Last week, the President announced that he would be creating a “Student Aid Bill of Rights” through a Presidential Memorandum (similar to an Executive Order). The Bill of Rights contains some pretty great items. Here are the highlights:
- A new-and-improved complaint and feedback system for federal student loan borrowers, allowing them to file a complaint and monitor progress towards a resolution.
- Higher customer service standards and greater oversight of federal loan servicing companies to help borrowers avoid default and stay in good standing.
- A new-and-improved system for borrowers applying for income-driven repayment plans, such as IBR.
- Proposed changes to statutory and regulatory structures that may make it easier for borrowers to defend and dispute federal student loans.
- Proposed changes to bankruptcy laws to make it easier for student loans to be discharged in bankruptcy.
- Higher standards and greater oversight of federal student loan debt collectors to minimize situations where third-party debt collection agencies violate federal law by misleading borrowers about their rights and options.
First, I’m just going to come right out and say it: this is awesome, at least conceptually. Those of us in the student loan advocacy field have been calling for many of these changes and improvements for years, and this means that complaints about student loan servicing and collection are being heard at the highest levels of government. This is huge, and, if implemented, these reforms will have real, tangible, meaningful impacts on millions of student loan borrowers.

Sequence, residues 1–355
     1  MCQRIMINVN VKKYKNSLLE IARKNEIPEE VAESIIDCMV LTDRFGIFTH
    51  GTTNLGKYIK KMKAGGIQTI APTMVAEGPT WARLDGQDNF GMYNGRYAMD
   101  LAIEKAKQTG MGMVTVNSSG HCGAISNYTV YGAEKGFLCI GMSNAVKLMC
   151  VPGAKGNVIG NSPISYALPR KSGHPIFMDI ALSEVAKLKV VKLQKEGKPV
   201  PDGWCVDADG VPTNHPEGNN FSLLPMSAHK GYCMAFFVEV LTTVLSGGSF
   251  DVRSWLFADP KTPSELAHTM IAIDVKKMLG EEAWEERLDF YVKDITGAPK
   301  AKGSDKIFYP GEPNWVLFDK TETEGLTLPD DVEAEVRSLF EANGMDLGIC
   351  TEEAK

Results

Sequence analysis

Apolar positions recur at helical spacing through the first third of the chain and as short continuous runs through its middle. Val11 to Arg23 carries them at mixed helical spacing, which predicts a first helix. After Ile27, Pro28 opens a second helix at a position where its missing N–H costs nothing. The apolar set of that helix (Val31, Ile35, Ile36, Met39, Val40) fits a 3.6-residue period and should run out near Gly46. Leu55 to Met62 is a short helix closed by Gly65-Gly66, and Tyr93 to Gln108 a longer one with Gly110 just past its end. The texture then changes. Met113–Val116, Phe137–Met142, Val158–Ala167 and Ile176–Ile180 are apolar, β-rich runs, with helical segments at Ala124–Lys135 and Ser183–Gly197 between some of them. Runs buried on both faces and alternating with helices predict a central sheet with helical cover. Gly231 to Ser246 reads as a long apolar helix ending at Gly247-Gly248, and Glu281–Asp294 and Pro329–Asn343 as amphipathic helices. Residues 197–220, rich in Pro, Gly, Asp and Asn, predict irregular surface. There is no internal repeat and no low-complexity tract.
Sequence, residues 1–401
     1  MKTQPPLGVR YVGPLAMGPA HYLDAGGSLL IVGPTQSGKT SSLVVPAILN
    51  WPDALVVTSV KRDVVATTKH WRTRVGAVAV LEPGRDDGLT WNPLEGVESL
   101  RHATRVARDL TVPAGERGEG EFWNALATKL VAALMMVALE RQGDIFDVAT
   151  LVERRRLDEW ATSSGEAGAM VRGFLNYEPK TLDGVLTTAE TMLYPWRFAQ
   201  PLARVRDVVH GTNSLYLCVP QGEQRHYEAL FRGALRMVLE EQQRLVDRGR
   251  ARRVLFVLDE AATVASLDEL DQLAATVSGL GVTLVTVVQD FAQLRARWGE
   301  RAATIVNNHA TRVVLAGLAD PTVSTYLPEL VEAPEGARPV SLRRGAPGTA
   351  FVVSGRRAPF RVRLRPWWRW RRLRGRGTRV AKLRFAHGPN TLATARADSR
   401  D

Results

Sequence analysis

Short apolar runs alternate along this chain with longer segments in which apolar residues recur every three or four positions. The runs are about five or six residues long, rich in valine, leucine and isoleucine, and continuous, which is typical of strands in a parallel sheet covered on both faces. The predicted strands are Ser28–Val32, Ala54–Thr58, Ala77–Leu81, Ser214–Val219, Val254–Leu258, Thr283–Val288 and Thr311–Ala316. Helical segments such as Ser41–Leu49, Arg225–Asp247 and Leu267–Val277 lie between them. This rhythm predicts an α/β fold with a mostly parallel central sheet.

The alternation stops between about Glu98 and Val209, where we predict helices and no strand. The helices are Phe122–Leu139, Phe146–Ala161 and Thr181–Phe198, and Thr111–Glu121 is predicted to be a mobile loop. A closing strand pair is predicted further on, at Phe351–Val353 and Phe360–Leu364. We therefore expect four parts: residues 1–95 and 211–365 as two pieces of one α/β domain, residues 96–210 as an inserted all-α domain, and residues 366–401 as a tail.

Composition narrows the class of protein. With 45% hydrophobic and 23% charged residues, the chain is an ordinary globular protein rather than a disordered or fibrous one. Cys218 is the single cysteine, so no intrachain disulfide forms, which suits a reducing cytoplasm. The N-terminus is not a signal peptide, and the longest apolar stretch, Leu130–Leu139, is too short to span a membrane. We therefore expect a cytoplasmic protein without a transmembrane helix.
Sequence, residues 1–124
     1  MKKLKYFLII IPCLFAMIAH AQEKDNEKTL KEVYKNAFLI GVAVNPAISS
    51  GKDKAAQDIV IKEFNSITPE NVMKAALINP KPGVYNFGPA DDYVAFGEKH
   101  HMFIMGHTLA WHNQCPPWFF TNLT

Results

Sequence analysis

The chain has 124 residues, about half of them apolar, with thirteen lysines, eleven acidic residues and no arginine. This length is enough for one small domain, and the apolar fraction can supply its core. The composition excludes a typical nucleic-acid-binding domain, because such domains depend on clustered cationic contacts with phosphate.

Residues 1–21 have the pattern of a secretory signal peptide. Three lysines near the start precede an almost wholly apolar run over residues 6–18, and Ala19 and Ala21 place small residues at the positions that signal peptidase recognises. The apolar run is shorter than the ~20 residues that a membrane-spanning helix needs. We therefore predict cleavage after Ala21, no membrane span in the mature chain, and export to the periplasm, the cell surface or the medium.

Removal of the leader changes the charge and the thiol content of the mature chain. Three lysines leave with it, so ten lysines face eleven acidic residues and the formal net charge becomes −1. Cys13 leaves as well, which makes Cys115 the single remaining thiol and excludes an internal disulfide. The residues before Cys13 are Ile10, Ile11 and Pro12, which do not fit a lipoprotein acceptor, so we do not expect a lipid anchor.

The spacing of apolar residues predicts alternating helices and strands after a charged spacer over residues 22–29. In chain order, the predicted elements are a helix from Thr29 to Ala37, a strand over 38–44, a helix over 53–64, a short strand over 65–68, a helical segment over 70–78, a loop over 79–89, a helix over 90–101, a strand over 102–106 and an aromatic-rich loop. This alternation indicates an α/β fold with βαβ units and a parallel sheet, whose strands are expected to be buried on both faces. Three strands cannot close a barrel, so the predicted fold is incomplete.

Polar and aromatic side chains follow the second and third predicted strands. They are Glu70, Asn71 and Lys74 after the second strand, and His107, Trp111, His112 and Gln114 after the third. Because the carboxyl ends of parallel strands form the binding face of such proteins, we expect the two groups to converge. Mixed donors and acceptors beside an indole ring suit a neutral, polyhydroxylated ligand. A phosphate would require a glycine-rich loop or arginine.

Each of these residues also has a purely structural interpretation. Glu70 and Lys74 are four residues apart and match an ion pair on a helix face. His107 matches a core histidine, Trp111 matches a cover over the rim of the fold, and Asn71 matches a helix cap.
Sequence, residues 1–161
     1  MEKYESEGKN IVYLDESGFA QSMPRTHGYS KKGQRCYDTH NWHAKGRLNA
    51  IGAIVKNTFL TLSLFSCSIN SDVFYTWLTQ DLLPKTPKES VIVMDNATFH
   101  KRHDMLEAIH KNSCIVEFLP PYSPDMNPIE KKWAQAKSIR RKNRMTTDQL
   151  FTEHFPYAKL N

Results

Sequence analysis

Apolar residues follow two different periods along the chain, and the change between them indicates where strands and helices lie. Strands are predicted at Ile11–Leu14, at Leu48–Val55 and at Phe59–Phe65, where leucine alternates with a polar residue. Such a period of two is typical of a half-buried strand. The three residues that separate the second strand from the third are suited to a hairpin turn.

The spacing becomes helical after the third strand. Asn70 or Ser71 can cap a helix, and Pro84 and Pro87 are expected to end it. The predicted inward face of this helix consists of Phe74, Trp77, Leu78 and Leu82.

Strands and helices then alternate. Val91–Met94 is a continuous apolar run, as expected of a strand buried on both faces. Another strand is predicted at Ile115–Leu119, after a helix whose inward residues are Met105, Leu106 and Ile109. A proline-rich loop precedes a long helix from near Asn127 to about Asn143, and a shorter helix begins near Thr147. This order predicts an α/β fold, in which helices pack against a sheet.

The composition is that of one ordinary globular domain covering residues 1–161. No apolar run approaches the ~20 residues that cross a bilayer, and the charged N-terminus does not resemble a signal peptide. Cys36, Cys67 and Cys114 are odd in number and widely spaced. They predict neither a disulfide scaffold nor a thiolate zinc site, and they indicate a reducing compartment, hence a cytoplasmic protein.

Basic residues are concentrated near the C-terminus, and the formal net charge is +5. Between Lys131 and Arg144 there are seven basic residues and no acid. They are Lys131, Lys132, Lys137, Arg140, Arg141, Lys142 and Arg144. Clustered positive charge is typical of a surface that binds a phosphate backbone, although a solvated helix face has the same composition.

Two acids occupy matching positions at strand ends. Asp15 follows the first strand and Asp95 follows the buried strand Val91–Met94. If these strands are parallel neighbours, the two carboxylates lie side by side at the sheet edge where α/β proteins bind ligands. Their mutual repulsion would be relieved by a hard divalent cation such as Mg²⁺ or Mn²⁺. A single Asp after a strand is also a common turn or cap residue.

So, what’s the catch? Well, as is often the case with government, these are not instant or guaranteed reforms. For example, that new-and-improved complaint and feedback system? It isn’t going to be available until July 2016, at the earliest. And I can tell you from experience that new programs and systems, even when implemented, often take months or years to function as they are intended. Other provisions of the memorandum, such as higher standards for servicing and debt collection companies, and a streamlined income-driven repayment application system, first require that “reports” on these programs be submitted in late 2015, before any such changes are even put into place. So don’t hold your breath, because those reforms aren’t happening for quite some time. Still other provisions, particularly changes to regulations and laws surrounding student loan defenses and bankruptcy discharge, may require actual changes to federal laws and regulations, which would require Congressional involvement. We know how well Congress has been functioning lately.
Bottom line? This is pretty great (it really is) and I am thrilled to see that the President of the United States seems to “get it” in terms of major changes we need to see in student loan law. But (and there’s always a “but”), given the glacially slow timeline, and the fact that we don’t know who will even be in the White House (or what Congress will look like) by the time many of these programs are supposed to be implemented, I think that it’s far too soon to celebrate. Furthermore, even if every single one of these changes are implemented, we’ll still have lots of work to do to really fix this absurdly broken student loan system. This is a step, and an important one, but we have our work cut out for us.